Monday, September 25, 2023
Monday, September 25, 2023

Bush’s AG tells GOP what it needs to hear about ‘weaponization’

by admin
Bush’s AG tells GOP what it needs to hear about ‘weaponization’

Alberto Gonzales’ tenure as U.S. attorney general was tough to defend. The Brennan Center for Justice’s Andrew Cohen, during his time as CBS News’ chief legal analyst, wrote in 2007, “By any reasonable standard, the Gonzales Era at the Justice Department is void of almost all redemptive qualities. He brought shame and disgrace to the Department.”

A year later, Slate’s Dahlia Lithwick added that Gonzales helped create a Justice Department in which “politics sometimes had no end.”

Nevertheless, Gonzales remained quite popular with Republicans, even after he left George W. Bush’s cabinet, which makes his latest Washington Post op-ed all the more notable.

The former attorney general, whose reputation as a traditional GOP partisan has never been questioned, explained that he’s “recently heard from friends and former colleagues whom I trust and admire, people of common sense and strong values, who say that our justice system appears to be stacked against Trump and Republicans in general, that it favors liberals and Democrats, and that it serves the interests of the Democratic Party and not the Constitution.”

Gonzales wants those who believe this to know that they’re mistaken.

Let’s set aside the fact that three independent grand juries of Americans — not just three prosecutors — have indicted one Republican politician, Trump, for a variety of crimes. All crimes are important to the victims. The crimes alleged in the most recent indictment appear to be the most serious, because if they are true, then Trump engaged in crimes against democracy — crimes against millions of voters in this country. Scores of Americans who participated in the Jan. 6 riots have been held accountable. It stands to reason that the person who urged them to go to the Capitol and who stood the most to gain from interfering with the electoral count should also be held accountable.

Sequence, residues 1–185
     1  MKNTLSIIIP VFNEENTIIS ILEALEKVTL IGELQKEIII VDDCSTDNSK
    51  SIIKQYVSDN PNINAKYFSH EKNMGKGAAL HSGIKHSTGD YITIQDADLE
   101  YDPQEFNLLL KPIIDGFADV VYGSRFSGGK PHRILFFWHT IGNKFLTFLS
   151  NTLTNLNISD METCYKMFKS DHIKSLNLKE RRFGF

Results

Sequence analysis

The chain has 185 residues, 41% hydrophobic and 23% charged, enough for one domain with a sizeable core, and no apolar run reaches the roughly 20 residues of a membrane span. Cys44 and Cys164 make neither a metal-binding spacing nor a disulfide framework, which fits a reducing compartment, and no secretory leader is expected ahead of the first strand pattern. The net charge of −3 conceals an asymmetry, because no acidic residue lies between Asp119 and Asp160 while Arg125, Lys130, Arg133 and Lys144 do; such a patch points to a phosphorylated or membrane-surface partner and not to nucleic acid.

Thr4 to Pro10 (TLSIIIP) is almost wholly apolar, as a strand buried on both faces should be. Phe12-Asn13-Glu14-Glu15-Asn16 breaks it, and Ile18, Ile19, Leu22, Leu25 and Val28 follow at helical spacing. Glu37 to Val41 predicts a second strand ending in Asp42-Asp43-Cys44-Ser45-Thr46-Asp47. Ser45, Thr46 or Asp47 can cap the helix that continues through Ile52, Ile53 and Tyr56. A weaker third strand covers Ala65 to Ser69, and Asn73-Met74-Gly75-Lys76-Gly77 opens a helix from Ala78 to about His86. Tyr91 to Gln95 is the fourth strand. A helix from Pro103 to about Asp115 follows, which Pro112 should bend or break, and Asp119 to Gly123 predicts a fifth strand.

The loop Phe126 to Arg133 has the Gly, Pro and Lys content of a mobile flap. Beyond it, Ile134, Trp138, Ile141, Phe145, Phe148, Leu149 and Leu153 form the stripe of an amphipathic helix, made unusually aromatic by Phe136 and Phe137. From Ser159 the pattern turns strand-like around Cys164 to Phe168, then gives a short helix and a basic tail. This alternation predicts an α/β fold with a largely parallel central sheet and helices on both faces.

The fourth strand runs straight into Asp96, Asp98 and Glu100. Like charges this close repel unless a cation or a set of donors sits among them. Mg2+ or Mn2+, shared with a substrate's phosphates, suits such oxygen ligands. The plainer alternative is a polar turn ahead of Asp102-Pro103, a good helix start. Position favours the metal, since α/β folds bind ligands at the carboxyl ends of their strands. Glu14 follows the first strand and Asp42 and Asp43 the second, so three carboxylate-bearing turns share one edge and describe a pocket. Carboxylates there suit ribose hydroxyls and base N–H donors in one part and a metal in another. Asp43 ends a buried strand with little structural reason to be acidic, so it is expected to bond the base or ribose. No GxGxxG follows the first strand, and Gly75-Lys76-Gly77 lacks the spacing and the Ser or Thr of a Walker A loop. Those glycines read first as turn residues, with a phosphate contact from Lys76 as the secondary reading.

His op-ed for the Post proceeded to advise Republicans feeling aggrieved by Donald Trump’s intensifying legal jeopardy to “carefully review the facts of the cases against him rather than assuming conspiracies. I urge them to at least be open to considering that the problem may rest with Trump rather than the prosecution of him for his alleged crimes.”

Or put another way, partisans assuming the former president is being persecuted might need to consider the possibility that he’ll be proven guilty.

Those who read my work during the Bush/Cheney era know that I had more than a few concerns about Gonzales’ work at Main Justice, and my point is not to reassess those earlier criticisms, which I continue to believe were valid.

Rather, what strikes me as significant is that Gonzales is pushing back against misguided Republican assumptions. Much of the GOP is absolutely convinced that federal law enforcement has not only been politicized, but has been turned into a partisan “weapon,” used by rascally Democrats and liberals to target innocent, unsuspecting conservatives who are being punished for no reason.

These absurd beliefs are wholly unsupported by evidence, but the challenge is identifying voices Republicans might find credible on the subject. It’s against this backdrop that Gonzales is stepping up in support of reality.

I don’t know if GOP officials and voters will listen to the former attorney general, but on this issue, they clearly should.

Steve Benen

Steve Benen is a producer for “The Rachel Maddow Show,” the editor of MaddowBlog and an MSNBC political contributor. He’s also the bestselling author of “The Impostors: How Republicans Quit Governing and Seized American Politics.”

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